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Scientists are people who try to find the answers to questions they have about how the universe works. You do the very same thing every day without even realizing it! Let’s do a thought experiment to see how easy it is.  

Look at your surroundings and choose an object to think about. Now, what would happen if that object moved or fell? For example, an apple on a table. What would happen if someone knocked it off? You could ask a question such as “how long would it take for the apple to reach the floor?” Can you come up with a way to find the answer?  

This is exactly the process that scientists go through when they observe something in the universe that can’t be explained by what we already know. Let’s hear from some astroparticle scientists working at SNOLAB to see what being a scientist means to them!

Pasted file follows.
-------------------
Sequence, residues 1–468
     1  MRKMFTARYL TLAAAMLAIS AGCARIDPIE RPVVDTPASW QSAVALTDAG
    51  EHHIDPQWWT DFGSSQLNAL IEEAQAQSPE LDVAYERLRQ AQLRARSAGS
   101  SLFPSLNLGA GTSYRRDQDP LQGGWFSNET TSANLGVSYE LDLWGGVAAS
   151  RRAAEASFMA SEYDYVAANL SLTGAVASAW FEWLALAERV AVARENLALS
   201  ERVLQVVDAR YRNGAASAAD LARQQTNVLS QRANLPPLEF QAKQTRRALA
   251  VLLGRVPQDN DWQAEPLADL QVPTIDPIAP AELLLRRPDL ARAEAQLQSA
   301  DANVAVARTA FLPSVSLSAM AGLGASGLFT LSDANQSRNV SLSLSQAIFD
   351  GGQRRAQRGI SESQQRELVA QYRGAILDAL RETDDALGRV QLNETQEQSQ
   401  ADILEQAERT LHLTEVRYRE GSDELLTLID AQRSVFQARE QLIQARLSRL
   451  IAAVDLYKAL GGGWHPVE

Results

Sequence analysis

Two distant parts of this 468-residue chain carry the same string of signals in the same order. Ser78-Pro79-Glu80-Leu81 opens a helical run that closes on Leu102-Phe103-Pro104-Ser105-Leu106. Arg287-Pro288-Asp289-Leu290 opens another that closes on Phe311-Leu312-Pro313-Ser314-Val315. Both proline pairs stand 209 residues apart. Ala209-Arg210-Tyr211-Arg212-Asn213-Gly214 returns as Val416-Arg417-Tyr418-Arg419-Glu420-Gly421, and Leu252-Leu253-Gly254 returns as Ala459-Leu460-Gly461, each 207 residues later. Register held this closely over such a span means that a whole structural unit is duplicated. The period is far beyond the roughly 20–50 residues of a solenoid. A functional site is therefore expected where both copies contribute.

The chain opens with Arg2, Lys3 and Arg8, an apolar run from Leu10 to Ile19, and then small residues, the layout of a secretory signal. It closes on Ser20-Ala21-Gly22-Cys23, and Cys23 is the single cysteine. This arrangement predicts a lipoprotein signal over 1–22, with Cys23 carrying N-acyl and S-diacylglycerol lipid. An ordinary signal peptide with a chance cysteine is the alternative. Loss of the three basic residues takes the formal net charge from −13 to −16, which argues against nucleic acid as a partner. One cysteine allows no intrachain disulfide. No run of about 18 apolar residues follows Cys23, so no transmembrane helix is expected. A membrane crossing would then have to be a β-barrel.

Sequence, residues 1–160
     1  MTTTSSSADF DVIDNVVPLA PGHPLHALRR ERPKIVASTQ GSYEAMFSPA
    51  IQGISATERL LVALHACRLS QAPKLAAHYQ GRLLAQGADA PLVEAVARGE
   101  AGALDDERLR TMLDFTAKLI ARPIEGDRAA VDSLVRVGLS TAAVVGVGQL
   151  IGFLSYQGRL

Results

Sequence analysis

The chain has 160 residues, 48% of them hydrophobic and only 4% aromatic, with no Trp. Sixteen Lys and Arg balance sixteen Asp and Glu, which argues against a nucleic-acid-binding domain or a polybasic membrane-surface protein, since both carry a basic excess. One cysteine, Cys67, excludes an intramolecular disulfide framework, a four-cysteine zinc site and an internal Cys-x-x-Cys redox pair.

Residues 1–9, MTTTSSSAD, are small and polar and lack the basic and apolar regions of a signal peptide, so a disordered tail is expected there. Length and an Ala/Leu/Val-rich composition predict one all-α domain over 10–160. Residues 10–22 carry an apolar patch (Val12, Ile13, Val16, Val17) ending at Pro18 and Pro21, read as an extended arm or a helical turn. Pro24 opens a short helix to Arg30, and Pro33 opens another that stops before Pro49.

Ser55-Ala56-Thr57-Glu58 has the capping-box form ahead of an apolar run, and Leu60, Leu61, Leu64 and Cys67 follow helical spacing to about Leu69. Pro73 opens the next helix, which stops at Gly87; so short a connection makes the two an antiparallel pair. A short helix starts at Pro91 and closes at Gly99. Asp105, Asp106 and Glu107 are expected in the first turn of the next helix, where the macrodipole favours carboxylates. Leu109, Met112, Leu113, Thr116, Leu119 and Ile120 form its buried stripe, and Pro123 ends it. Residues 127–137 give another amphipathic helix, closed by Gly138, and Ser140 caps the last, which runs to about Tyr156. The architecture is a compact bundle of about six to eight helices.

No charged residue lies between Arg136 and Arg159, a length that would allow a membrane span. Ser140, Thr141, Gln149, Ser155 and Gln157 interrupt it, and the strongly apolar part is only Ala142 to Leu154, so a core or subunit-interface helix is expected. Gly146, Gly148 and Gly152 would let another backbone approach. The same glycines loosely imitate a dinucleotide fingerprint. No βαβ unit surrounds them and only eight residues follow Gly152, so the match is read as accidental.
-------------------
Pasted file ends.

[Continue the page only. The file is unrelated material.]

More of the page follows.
“I think being a scientist is trying to understand why things happen the way they do. Scientists in general have a curiosity and inquisitiveness about the things that you see all the time and how they work and why things are the way they are.” – Ken Clark, a collaborator with the PICO experiment. 

The type of scientist I always wanted to be was one that searches for the big unanswered questions of the universe. I do this to try and understand how the universe works, which I think is a noble quest. When you do science, you end up getting lots of skills that are valuable to society too.” – Guillaume Giroux, leader of the NEWS-G dark matter experiment.  

To me it’s mostly about satisfying curiosity. I personally think as a scientist I have two jobs: advancing and transmitting knowledge. And I hope others will then use that knowledge to do good things for society.” – Ryan Martin, LEGEND, SNO+, and NEWS-G experimental scientist.


If you’re curious about the universe and want to help find answers to the mysteries all around us, then you could be a scientist too! Check out the rest of the education hub to learn more and keep doing science!